Growing An Avocado Indoors

Growing An Avocado Indoors

Last Updated On: September 18, 2021

The avocado plant is native to Mexico and other South American countries, though its fruit has become a staple in households all around the world. It has a delicious, nutty flavor that enhances salads, sandwiches, dips, and desserts, making it one of the most versatile fruits around. The plant itself is also quite lovely, with egg-shaped leaves and pretty, greenish flowers. All of these benefits have many people considering growing their own avocado plant indoors. If this plant is on your homegrown list to try out, knowing how to do it right is the first step. Let’s jump in and learn how to start growing an avocado indoors.

How To Start

In general, there are two ways to start an avocado plant, with a seed or with a seedling. Starting with a seed is a time consuming and difficult process, but is well worth the effort. Starting with a seedling is easier, and will produce fruit much faster. In this case, you should start with a dwarf avocado tree, which is specifically bred to produce fruit while being smaller than the one you’ll find in nature.

If you’re looking to get fruit as quickly as possible, start with the dwarf seedling. If you’re looking for a long term gardening project then seeds are the way to go.

How to Grow Avocado Plants From a Seed

Planting an avocado using a seed is quite easy, and doesn’t even require any soil or large pots at first. If you’re going to choose this route, you should be aware that growing it this way may not produce fruit for ten years or more. If you’re looking for a plant guaranteed to grow fruit, you may want to get a dwarf plant bred for this purpose. In that case, you can skip this section and head onto the next one. For those looking for a long term project read on! When growing an avocado plant indoors from a seed you can use any pit from an avocado that you’ve purchased and eaten. You’ll also need some toothpicks and a glass of water. Wash the pit to remove any excess fruit flesh, then insert a few toothpicks into the seed.

Using the toothpicks as support for the pit, suspend it over the glass of water with the broad pit end facing down. The bottom inch of the pit should be in the water, add more liquid to the glass if needed. Place the pit in a warm area where it gets some light, though direct sunlight should be avoided. It takes about 2-6 weeks for the avocado pit to sprout. Allow the new sprouts to grow up to 6 inches, then trim them back down to 3 inches. Once the roots are thick and the stem has sprouted some new leaves, it’s time to move it to a pot.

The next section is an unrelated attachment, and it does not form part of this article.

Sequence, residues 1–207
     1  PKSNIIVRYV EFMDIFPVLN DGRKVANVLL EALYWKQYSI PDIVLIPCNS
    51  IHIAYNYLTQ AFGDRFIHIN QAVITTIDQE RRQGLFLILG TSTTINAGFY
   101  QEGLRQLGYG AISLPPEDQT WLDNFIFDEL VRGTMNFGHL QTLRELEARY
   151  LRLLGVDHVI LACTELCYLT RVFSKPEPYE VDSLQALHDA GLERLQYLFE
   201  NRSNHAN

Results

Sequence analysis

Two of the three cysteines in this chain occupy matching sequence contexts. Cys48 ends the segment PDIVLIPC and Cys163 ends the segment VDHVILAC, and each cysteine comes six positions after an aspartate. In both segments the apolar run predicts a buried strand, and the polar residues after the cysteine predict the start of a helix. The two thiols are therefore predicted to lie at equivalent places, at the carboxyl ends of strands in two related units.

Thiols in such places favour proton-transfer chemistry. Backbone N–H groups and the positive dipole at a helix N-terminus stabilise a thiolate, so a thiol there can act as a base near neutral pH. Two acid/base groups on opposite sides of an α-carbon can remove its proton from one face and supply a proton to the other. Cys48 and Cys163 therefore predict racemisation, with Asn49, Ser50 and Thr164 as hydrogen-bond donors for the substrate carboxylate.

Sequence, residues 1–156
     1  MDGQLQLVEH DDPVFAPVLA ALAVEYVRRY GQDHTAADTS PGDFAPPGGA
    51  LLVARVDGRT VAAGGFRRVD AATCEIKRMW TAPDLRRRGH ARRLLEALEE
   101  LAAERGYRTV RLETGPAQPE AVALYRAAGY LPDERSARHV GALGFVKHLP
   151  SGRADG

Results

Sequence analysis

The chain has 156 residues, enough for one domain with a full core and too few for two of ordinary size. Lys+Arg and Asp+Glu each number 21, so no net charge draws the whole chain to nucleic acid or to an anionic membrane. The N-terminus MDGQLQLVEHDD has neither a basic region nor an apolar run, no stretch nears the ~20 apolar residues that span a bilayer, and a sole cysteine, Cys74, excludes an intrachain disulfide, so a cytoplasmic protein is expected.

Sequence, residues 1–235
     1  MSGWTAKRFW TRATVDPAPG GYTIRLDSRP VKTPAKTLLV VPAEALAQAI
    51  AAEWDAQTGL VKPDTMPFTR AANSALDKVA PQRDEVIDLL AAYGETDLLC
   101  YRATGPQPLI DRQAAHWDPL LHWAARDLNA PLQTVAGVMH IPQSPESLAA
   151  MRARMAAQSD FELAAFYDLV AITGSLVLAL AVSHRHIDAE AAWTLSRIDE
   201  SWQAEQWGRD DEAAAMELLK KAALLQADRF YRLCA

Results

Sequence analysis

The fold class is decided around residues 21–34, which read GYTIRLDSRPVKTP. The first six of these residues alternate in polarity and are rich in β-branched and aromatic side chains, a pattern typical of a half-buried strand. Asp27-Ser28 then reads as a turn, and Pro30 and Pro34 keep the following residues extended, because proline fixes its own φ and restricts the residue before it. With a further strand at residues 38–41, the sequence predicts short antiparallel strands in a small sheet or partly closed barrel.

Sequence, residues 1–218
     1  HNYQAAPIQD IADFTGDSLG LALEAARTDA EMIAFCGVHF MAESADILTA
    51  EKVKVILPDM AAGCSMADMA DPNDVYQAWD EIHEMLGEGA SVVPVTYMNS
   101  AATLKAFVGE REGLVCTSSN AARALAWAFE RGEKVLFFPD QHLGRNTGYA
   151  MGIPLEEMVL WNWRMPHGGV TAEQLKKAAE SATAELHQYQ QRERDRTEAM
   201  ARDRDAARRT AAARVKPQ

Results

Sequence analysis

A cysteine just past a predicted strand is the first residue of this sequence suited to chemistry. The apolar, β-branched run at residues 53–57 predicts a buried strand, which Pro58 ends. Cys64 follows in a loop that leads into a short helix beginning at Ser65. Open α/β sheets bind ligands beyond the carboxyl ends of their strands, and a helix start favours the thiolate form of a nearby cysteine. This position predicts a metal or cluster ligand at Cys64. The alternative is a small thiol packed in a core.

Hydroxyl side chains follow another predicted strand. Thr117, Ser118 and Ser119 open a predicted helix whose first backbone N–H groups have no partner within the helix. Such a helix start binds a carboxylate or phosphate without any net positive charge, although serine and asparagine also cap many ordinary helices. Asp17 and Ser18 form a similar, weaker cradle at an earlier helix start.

If you’re looking for a pre-made solution, there are some kits on the market that provide the ideal setup. These can help make the setup a bit easier, although they are certainly not a requirement.

Container Choice

Start your plant in a container with a diameter of about 10 inches and twice the depth of the roots to give them room to grow. When planting, don’t cover the seed completely with soil. Instead, leave half of it showing. There should also be a drainage hole in the pot to remove excess water. If you’re starting with a larger seedling you may need to upgrade to a larger pot. There should always be room for more root growth, and the chosen container should give plenty of space for your avocado plant.

Soil

Though an avocado plant likes moisture, it can’t handle soaking in too much water. To prevent this, a rich potting soil that drains quickly is a must. This will give the plant the nutrients it needs to stay healthy without risking overwatering. Most store-bought potting soils will work, and you can always use a special potting mix designed specifically for avocado trees.

Watering

Avocado plants don’t like to be dry, so it is a good idea to try to keep the soil they are in continuously moist to keep the plant happy and healthy. Of course, this doesn’t mean that you should drown your plant in water every day. Vigilance is key when growing an avocado indoors, so check it every 2-3 days and add moisture as often as needed. You should also watch for leaves that have begun to turn yellow since this is a sign of overwatering. If you notice this, give the soil a few days to dry out before adding more water.